If you’re looking for a very Viennese coffee experience, this is the place. This “konditorei” has it all from coffee to fancy food and exuberant cakes, all in an elegant three-store store building that’ll take you back to the Imperial days. Whether you’re going by yourself of with a small group, this place will make you feel instantly at home with their cozy corners and cozy chairs. As it is in the centre, you might get pretty cool views of Kärntner Straße from the upper floors.


Vollpension

This place claims to have the best pastries in Vienna. They probably do. This place’s food is prepared by grandmas and grandpas and they have all sorts of cakes and hot beverages, and the decorations and atmosphere are both great. Walls full of pictures, large sofas and low tables. The only downside is that it is usually booked for brunch, so plan ahead.


Justizcafé. The café at the Palace of Justice

This is a place not many people know about, because it’s on top of an official building. You’ll have to go through security check and then climb all the way up to the little terrace where government employees have their lunch. The coffee and food are alright, but hey highlight of the place is the view. On summer there are tables on the terrace and in Winter, if you can stand it, you can still look at the city from the balcony.

A day in D.C.

Wether you are or not interested in politics, D.C. is a city that offers charms to everybody. From beautiful parks and wide avenues to quirky bookshops and blues, this city can be a perfect weekend escape. If you don’t know where to begin, here’s a one-day itinerary for a short visit to the political capital of the world.

Running or biking along the National Mall and the Reflecting Pool

Morning or night are the best times to take this long walk from the Capitol to the Lincoln Memorial, passing the Washington Monument (the big obelisk) because it is not yet too hot. The National Mall is a huge park that borders on many of the Smithsonian museums and you’ll get to see some of the most famous landmarks of the city while they’re not yet too crowded and you’ll get a good workout done. The National Mall ends where the obelisk starts, and then you can keep going straight along the Reflecting Pool towards Lincoln Memorial. D.C. has those bikes you can pick up and drop at several points in the city, they’re comfortable and really useful (for only $8 the day) so you could bike instead of running.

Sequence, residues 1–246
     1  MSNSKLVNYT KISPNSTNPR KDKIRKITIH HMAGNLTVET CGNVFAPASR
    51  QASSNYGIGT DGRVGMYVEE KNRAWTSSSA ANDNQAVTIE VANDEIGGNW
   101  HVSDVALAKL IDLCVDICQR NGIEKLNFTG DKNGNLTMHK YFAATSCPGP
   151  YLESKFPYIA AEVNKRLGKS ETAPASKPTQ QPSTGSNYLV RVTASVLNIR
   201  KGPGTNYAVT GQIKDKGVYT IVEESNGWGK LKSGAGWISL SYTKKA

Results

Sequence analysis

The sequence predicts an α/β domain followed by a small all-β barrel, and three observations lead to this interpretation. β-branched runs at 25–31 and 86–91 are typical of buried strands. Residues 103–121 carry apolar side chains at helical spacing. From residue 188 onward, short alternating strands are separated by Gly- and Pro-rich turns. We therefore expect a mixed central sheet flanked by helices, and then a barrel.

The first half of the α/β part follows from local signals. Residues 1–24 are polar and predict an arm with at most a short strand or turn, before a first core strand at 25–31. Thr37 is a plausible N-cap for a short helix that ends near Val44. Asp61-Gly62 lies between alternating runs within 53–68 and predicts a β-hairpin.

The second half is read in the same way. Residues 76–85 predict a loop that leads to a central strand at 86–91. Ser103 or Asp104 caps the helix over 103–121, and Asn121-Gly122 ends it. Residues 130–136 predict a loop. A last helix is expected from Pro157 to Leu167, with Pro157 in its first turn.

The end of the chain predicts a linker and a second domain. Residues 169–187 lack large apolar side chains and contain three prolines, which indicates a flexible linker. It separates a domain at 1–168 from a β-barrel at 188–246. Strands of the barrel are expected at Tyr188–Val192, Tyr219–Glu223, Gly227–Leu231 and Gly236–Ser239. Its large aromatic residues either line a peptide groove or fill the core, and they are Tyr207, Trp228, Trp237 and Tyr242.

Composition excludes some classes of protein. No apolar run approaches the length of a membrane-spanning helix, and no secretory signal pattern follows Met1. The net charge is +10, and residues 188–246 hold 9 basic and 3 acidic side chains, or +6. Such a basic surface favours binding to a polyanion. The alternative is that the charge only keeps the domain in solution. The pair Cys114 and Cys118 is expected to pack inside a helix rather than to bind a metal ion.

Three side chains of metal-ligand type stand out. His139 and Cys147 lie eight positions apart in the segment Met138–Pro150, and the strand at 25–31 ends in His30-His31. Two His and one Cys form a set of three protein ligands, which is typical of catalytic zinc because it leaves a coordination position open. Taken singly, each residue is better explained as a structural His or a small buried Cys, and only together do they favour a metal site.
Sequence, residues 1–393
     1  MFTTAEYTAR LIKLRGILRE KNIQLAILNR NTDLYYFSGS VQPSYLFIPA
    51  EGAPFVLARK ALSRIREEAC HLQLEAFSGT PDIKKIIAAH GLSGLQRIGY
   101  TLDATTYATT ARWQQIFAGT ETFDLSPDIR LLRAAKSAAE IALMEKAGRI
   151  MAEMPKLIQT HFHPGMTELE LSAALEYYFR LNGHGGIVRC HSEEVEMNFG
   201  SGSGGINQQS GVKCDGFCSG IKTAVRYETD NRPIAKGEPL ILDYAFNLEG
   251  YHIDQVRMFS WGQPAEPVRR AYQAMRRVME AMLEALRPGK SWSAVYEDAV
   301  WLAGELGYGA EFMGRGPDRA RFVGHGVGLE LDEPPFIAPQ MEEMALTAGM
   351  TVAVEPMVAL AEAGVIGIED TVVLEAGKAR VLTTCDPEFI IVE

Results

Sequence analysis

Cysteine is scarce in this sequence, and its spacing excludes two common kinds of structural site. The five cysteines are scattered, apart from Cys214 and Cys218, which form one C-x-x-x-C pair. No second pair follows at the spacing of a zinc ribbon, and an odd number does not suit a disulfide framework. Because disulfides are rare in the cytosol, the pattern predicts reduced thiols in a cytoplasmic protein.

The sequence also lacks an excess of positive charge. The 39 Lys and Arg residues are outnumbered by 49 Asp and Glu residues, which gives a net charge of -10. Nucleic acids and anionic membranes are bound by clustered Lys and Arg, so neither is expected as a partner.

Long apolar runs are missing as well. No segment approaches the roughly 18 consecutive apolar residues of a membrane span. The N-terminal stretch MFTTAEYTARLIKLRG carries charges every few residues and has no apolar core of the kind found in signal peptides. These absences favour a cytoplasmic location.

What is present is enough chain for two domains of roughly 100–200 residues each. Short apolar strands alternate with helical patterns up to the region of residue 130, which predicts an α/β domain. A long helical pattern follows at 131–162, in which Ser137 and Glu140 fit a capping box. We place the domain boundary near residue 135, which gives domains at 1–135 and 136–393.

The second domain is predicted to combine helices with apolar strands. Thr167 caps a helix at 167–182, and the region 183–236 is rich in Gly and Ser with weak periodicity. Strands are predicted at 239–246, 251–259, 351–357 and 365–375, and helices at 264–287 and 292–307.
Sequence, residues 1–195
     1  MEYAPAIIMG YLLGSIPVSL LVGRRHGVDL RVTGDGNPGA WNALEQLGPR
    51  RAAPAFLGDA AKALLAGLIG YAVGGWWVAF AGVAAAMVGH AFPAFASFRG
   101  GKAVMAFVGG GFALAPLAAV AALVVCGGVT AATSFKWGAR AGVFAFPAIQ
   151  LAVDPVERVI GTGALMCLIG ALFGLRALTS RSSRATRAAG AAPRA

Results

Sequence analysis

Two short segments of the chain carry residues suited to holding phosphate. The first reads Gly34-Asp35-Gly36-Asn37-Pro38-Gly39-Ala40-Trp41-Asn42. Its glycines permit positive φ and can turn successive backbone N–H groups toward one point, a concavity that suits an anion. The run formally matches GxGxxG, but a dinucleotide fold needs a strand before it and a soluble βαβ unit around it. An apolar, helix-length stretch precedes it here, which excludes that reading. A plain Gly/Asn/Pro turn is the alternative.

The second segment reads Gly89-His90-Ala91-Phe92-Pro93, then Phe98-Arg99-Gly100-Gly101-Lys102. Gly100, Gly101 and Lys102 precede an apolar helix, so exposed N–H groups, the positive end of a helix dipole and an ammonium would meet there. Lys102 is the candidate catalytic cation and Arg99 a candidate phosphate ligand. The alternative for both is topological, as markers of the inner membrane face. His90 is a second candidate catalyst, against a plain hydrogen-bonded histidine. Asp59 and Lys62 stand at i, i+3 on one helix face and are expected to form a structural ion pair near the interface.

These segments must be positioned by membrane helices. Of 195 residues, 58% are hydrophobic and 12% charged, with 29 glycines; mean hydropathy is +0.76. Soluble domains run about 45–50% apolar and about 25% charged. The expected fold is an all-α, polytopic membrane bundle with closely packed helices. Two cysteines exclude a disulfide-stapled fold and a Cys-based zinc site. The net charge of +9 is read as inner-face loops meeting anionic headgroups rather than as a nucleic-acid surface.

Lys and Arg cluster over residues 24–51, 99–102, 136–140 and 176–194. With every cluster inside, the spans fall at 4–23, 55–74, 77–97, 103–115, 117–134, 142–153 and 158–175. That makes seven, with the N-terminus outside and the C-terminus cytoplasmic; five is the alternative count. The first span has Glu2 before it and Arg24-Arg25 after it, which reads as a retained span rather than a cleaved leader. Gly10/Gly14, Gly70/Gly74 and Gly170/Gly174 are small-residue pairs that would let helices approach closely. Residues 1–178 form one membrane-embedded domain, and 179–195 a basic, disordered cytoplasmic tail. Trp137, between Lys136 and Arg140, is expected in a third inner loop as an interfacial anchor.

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Lincoln Memorial

Breakfast at Fruitive! 

This is a very nice place that offers organic, plant-based food. Of all the places in which I had breakfast this was my favourite because of their WAFFLES. I love waffles and almond butter, and their ABC waffles were all that. They also offer very good juices, oatmeal and other healthy, high energy meals that will set you up for the rest of the day. They have many locations, but I recommend the one on Palmer Street, so you can take a look at this beautifully decorated, high fashion street in the centre of DC.

Museums!

The Smithsonian Institute has 18 museums in DC. Eighteen! Among the most popular there are the National Portrait Gallery and the National Museum of Natural History. I recommend the Smithsonian American Art Museum, in which you can find many interesting and contemporary pieces as well as more traditional art. There are also the National Museum of the American Indian and the National Museum of African American  History and Culture, which you could take a look at too, your pick!

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An interesting piece at the American Art Museum

A quick bite at Protein Bar & Kitchen

This place is another one of my findings (I wanted to eat as healthy as possible). It is located also in the city centre, a 20 minute walk away from Georgetown, a very nice and old neighbourhood in D.C.

A walk along the Potomac River to Georgetown, shopping and coffee

After picking up a juice, shake or a wrap, you can start walking East towards the Potomac River, where you’ll find many water related activities going on. Following the river will get you to the Georgetown Waterfront Park and many coffee places like Baked & Wired and Sprinkles Cupcakes, or the amazing Chinese tea house Ching Ching Cha.

Blues (and cocktails) in Georgetown

When you’re done wandering around Georgetown’s colourful streets, you can head to Blues Alley Club, which is next to Ching Ching Cha. It’s a really cool, cozy place for live jazz music and drinks.

Late dinner at The Hamilton

This is my only non-healthy recommendation, but is definitely worth it. Both the burgers and the fried chicken are really good (and those sweet potato fries). They also have a very wide selection of wine and beer, and very friendly and approachable staff to recommend you something if, like me, you’re indecisive. The Hamilton is back at the city centre of D.C., so afterwards you can easily go anywhere.

The Lincoln Memorial by night

If you’re still up for it after dinner, I highly recommend you take a walk alongside the Reflecting Pool at night. The monument’s illumination is gorgeous against a pitch dark background.

Going from the WWII Memorial to the Lincoln Memorial will surely be a good experience, since there are many people about, walking or sitting around chatting. It’s a perfect goodbye to the city and a perfect meet-up point if you’re clubbing.